On appeal from the Superior Court of New Jersey, Chancery Division, Family Part, Burlington County, Docket No. FM-03-6001-01.
The opinion of the court was delivered by: Messano, J.A.D.
NOT FOR PUBLICATION WITHOUT THE APPROVAL OF THE APPELLATE DIVISION
Argued September 15, 2009
Before Judges Grall, Messano and LeWinn.
This case presents a question of first impression in this State. In particular, must a parent seeking modification of a court order regarding custody of her child bear the threshold burden of establishing "changed circumstances that affect the welfare of the child[,]" Hand v. Hand, 391 N.J. Super. 102, 105 (App. Div. 2007), when the court-ordered parent of primary residence (PPR) is a member of the United States military about to be deployed for a year away from home? We conclude that the moving party is not entitled to a parental presumption that modification is warranted solely because of the PPR's military deployment. However, we also conclude that once an otherwise fit parent demonstrates that the PPR is facing deployment for a significant period of time, in our view, one year or more, she has demonstrated a prima facie case and is entitled to a plenary hearing as to disputed material facts regarding the child's best interests, and whether those best interests are served by modification of the existing custody order.
We therefore reverse the order under review to the extent that it dismissed defendant's motion without prejudice, and remand the matter to the trial court for further proceedings consistent with this opinion.
Plaintiff and defendant were married on January 11, 1997, and divorced on December 11, 2001. Their union produced a son, Billy, who was born in 1997.*fn1 Plaintiff's subsequent application in 2002 to settle disputes over custody, parenting time and support resulted in an order setting the matter down for trial. While it is unclear whether a plenary hearing was conducted on all issues, the court entered a subsequent order, dated July 26, 2002 (the 2002 order), that provided in pertinent part: 1) "joint legal custody" would continue; 2) plaintiff would be the PPR "except [defendant would] be the [PPR]... during school summer vacations"; 3) "[d]uring school summer vacations... [defendant would] have custody... approximately 70% of the summer vacation and [plaintiff] approximately 30% of the time"; and 4) defendant would have "the child for [three] weekends each month as determined by the parties...."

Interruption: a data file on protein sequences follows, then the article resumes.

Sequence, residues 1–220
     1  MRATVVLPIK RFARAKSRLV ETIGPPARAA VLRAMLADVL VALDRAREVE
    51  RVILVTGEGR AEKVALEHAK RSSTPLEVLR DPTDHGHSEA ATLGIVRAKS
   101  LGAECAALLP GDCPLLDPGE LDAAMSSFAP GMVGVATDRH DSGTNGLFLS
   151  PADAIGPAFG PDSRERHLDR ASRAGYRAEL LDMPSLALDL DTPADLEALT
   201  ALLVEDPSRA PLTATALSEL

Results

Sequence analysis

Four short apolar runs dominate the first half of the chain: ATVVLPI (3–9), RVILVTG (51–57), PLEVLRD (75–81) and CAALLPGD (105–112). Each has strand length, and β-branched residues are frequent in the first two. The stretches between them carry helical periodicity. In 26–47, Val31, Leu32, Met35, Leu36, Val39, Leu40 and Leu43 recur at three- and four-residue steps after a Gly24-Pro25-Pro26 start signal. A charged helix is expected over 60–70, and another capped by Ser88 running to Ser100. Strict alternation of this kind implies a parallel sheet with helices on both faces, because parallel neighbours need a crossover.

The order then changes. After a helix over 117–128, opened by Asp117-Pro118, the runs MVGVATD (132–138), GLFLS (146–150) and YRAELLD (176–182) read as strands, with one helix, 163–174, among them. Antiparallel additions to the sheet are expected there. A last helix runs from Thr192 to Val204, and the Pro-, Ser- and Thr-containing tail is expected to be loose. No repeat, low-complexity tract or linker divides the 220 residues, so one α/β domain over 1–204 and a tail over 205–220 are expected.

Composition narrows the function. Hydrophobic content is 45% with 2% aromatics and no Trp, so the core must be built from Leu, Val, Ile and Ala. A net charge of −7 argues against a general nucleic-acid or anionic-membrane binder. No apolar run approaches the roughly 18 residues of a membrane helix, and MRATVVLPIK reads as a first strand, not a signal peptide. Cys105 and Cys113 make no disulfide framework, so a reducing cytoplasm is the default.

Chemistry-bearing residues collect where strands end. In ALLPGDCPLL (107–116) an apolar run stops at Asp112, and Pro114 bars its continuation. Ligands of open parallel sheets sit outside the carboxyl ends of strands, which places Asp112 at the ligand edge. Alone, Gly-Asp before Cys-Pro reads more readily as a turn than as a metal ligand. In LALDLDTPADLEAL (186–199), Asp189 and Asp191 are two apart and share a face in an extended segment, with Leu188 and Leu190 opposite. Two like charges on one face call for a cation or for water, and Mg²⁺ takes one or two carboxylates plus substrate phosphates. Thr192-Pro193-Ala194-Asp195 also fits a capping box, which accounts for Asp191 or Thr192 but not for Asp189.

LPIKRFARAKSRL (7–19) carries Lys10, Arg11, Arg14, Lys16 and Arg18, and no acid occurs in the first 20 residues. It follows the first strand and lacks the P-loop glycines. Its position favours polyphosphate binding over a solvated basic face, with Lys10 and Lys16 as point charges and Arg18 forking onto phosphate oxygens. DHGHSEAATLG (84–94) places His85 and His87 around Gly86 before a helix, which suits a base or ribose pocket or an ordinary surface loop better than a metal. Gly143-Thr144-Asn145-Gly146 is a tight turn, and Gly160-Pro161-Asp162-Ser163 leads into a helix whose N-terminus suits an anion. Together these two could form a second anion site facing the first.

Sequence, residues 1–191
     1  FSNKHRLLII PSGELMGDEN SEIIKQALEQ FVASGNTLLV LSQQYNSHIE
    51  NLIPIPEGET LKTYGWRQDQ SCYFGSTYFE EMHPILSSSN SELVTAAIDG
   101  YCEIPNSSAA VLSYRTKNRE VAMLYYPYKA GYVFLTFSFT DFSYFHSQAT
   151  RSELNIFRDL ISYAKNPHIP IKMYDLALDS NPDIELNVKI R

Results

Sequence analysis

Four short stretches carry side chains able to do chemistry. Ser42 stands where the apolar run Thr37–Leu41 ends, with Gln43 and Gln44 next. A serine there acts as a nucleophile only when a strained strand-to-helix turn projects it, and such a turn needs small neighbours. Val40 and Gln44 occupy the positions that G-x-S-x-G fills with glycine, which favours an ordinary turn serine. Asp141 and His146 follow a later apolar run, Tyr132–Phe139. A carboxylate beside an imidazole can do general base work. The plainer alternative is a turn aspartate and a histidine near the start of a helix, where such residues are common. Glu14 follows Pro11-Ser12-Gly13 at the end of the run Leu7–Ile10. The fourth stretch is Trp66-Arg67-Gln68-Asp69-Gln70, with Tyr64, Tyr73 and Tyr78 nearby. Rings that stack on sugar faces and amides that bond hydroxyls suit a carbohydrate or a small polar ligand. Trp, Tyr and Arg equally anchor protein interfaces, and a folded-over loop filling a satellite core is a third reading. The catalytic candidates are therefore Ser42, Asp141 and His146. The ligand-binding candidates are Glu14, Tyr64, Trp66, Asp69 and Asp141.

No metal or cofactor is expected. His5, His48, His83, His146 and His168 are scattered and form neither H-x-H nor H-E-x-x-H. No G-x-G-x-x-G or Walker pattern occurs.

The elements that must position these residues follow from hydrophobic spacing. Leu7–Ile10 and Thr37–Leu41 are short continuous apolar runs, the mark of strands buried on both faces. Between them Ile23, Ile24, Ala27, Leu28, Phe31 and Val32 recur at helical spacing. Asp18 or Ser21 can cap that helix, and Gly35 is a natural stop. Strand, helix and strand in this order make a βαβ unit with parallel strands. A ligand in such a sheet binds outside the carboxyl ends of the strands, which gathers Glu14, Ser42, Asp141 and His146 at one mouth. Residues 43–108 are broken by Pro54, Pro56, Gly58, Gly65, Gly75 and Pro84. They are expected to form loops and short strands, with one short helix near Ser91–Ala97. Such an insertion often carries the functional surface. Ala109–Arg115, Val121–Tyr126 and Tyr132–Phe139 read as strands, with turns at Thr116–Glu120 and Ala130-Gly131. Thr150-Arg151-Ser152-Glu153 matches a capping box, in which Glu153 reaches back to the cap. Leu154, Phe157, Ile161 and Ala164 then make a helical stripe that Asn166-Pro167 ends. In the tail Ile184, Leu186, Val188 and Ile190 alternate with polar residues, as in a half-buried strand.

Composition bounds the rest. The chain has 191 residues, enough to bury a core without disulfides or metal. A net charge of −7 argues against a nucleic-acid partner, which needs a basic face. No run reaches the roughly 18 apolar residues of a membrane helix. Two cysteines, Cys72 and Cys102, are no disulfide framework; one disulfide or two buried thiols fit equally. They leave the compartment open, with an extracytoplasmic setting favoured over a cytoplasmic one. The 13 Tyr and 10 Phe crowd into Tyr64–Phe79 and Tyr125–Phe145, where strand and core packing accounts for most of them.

Plaintiff subsequently agreed to vacate defendant's child support obligations; in January 2008, however, he moved to reinstate them and sought reduction of defendant's parenting time as provided by the 2002 order. He also asked the court to prohibit "any and all discussions with the minor... pertaining to a change in primary residence."
Defendant opposed the motion and cross-moved seeking modification of the 2002 order herself. In general, she alleged that plaintiff had failed to comply with provisions that required counseling sessions for the entire family; that plaintiff was not sharing parenting information with her; and that plaintiff had adopted a "military approach to childrearing," which included corporal punishment. As a result, she claimed Billy had become fearful and anxious. Defendant also claimed that her son's medical needs were neglected. She sought a temporary transfer of custody while further information was gathered through a risk assessment and psychological evaluation of her son.
The motion judge entered an order on February 1, 2008 that thoroughly addressed all the issues presented by both sides. He refused to reduce defendant's parenting time because plaintiff "ha[d] not pointed to any change in circumstances that would warrant a change...." He ordered both parties not to "discuss the litigation with the child."